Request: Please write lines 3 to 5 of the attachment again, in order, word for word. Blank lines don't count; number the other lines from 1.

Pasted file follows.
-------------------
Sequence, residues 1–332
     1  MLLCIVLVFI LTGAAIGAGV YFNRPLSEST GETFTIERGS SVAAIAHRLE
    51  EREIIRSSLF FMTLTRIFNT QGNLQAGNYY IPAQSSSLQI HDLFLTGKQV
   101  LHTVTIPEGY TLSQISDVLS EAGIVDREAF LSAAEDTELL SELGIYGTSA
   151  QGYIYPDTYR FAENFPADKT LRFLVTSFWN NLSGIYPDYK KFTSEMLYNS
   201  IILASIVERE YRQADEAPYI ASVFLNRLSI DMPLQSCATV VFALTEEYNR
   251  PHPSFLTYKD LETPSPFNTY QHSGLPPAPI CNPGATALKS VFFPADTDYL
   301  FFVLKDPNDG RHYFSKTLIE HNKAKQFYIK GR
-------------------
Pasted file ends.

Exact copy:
    51  EREIIRSSLF FMTLTRIFNT QGNLQAGNYY IPAQSSSLQI HDLFLTGKQV
   101  LHTVTIPEGY TLSQISDVLS EAGIVDREAF LSAAEDTELL SELGIYGTSA
   151  QGYIYPDTYR FAENFPADKT LRFLVTSFWN NLSGIYPDYK KFTSEMLYNS